Difference between iphone and DSLR with food photography and food photo tips for the iPhone shooter

Everyone wants to know, why can’t I use my iPhone for my food shots? Why do you need an expensive big camera or a food photographer?

You can use your iPhone of course. And it is a good way to go if you do not have the budget for a big camera or the time to learn how to use it or the money to hire a professional food photographer right now.

The biggest differences between the two cameras, DSLR and iPhone, involve the options at your fingertips for off camera light, lenses, and large raw files.

Off-camera light in the form of a flash or strobe with a light modifier to soften the light can be controlled to provide a beautiful raking light across the food, which gives it a dramatic look and bright accurate colors. This gives the finished photo depth and an aesthetic quality that captures and holds the eye. The flash and strobe are the same “kelvin color” as natural light so they render food colors in a very appetizing and natural manner. No green eggs and ham here!

The iphone has an on-camera flash which is very harsh on food or just about any subject that is too close to it. Even if you are using natural light or ambient light you will want to add filler light for more depth or a more cinematic look. There are companies working on an off-camera flash for an iphone now so you can search for one.

The lenses on a DSLR camera are very versatile and come in a variety of sizes and styles. The prime lenses, which I use, provide a lot of details which are important for food plus you can use a variety of apertures for selective focus. You can have just the foreground in focus or you can have it all in focus.

Plus a DSLR camera can be set to record a “raw file” which allows you to more effectively edit the final photo by removing shadows, adding highlights and increasing certain colors. The iphone will record a raw file if you use a third party app to do it. But the DSLR produces a much higher resolution file that is very large and 50 meg so this is an excellent choice if you are printing.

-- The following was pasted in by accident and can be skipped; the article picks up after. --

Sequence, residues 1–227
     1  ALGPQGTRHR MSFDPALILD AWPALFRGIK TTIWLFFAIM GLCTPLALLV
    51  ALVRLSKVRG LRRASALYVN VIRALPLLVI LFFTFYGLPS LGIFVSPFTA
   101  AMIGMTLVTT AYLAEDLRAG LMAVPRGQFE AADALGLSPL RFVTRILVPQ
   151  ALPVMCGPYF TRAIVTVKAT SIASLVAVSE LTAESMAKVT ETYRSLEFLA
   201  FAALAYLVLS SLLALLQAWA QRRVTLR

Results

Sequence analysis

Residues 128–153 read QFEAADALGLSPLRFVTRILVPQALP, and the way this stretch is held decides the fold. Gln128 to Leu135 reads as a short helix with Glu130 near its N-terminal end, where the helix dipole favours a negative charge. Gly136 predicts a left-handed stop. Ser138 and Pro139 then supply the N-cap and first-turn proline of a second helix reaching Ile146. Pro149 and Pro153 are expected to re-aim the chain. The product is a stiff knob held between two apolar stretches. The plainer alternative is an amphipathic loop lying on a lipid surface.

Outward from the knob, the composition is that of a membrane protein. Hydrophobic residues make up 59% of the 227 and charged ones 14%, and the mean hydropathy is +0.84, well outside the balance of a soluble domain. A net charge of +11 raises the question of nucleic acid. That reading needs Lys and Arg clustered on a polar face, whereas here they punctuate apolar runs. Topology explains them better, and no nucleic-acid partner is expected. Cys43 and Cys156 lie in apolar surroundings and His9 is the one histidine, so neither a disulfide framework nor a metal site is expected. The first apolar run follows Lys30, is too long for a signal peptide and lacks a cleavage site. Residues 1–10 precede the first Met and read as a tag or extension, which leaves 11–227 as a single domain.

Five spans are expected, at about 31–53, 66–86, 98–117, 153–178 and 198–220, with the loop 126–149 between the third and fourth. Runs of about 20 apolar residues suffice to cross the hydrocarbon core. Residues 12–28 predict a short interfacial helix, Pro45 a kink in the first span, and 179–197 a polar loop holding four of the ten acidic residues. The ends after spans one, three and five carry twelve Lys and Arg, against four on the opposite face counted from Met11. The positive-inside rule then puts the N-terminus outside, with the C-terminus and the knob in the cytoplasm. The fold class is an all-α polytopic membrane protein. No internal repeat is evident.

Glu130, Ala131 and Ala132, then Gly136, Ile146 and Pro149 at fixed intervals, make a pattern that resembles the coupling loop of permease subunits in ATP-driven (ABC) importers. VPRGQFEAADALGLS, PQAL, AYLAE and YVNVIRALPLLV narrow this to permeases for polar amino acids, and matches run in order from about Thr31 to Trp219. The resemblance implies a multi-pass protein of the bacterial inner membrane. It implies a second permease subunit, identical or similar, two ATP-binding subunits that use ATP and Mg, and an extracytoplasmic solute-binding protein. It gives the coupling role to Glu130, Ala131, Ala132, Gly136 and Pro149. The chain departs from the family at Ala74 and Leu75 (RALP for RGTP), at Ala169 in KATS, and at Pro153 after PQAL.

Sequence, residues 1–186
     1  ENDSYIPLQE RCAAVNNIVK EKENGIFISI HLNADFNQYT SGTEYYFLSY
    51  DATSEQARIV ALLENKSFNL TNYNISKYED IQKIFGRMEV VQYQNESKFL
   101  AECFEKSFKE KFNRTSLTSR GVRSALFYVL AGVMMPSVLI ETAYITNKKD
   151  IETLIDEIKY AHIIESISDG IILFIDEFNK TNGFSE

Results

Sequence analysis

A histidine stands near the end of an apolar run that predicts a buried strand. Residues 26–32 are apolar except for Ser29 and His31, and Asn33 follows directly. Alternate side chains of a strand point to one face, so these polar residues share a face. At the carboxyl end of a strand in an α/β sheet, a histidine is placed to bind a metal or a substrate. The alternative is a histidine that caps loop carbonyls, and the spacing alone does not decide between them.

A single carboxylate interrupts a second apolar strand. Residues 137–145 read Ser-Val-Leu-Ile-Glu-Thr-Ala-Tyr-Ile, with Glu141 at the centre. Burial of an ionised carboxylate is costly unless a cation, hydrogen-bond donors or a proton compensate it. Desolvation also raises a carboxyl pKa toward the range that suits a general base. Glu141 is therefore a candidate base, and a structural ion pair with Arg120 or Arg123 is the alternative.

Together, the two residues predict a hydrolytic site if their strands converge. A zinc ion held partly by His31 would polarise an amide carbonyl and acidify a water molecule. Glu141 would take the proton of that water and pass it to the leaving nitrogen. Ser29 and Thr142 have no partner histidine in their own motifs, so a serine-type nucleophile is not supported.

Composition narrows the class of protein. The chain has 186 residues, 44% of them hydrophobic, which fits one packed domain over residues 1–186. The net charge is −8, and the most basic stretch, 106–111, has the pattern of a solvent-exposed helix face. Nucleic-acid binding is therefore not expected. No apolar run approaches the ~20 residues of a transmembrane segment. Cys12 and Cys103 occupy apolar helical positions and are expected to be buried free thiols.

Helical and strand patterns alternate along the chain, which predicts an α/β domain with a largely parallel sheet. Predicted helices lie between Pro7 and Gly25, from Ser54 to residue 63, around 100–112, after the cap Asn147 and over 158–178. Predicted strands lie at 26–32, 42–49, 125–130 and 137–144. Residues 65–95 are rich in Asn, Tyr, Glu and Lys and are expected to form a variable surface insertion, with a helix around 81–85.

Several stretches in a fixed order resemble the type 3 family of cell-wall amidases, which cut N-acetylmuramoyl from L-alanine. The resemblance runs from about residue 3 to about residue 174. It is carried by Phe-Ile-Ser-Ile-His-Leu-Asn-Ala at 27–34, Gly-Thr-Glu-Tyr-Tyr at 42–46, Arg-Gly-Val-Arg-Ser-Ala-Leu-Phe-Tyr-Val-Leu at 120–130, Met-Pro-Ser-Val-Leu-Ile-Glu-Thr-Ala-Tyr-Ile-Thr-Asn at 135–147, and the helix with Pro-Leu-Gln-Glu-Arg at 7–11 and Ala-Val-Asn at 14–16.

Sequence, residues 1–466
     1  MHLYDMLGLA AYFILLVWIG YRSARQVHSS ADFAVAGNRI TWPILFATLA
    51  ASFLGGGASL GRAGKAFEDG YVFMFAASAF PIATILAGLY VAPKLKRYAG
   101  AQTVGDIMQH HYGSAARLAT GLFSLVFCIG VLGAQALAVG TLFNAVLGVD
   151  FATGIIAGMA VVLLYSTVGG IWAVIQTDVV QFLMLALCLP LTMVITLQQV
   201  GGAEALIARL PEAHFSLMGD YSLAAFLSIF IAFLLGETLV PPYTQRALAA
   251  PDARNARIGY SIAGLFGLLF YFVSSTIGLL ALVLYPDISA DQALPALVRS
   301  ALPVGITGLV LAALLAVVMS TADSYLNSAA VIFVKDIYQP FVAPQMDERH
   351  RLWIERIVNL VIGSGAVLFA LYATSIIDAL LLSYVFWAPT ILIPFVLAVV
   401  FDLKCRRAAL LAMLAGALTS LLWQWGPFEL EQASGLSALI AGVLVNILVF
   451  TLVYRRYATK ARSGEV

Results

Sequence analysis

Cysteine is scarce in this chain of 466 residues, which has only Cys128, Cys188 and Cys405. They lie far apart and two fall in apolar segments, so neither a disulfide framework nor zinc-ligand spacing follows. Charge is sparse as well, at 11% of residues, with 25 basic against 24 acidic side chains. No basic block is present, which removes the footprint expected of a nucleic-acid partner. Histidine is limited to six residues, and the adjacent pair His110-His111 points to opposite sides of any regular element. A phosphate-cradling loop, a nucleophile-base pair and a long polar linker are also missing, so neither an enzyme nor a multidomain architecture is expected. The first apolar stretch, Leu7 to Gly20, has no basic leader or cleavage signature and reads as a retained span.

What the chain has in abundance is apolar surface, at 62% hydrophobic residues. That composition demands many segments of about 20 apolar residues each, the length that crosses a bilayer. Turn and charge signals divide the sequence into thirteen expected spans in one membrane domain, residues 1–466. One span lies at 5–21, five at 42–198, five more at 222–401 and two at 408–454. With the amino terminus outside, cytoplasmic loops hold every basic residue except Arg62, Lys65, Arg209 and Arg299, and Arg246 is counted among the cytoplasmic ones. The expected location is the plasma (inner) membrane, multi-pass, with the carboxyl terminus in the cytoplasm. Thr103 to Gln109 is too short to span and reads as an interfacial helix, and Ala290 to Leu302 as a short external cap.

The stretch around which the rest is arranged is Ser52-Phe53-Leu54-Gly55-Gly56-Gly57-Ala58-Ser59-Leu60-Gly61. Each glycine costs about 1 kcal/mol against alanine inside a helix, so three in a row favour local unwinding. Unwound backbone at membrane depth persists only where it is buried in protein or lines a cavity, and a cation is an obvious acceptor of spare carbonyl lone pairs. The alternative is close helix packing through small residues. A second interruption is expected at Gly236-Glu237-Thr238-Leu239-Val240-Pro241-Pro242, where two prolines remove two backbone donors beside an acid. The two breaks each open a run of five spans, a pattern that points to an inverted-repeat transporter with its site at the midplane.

Here is one experiment taken during a shoot:

iPhone 10 with ambient light, light editing for exposure and cropping:

Nikon DSLR full sensor with 50mm lens and off camera flash with diffuser, light editing for exposure and cropping:

Of course you can shoot in natural light with your iPhone for good results. Here are five easy steps for the do-it-yourselfers who need to use an iPhone right now:

  1. Make sure everything is clean and remove clutter from the background. All good shots start with great styling to complement the subject, your food. Use complementary colors like red and green wherever possible.
  2. Place your food in a window in natural light and shoot at various angles. It is better to have filtered light versus direct sun. A smart phone photo will always look better when you have good light.
  3. Focus on the food itself (press the screen so the subject is in focus). Make sure you are at a distance where the food is in focus. Closer is better but you do not want to be too close. If you opt to have the food fill about half of the image that is a great start.
  4. Edit the image in your iphone to crop and adjust the exposure as needed.
  5. Avoid using the flash wherever possible unless you are outdoors and a little farther away.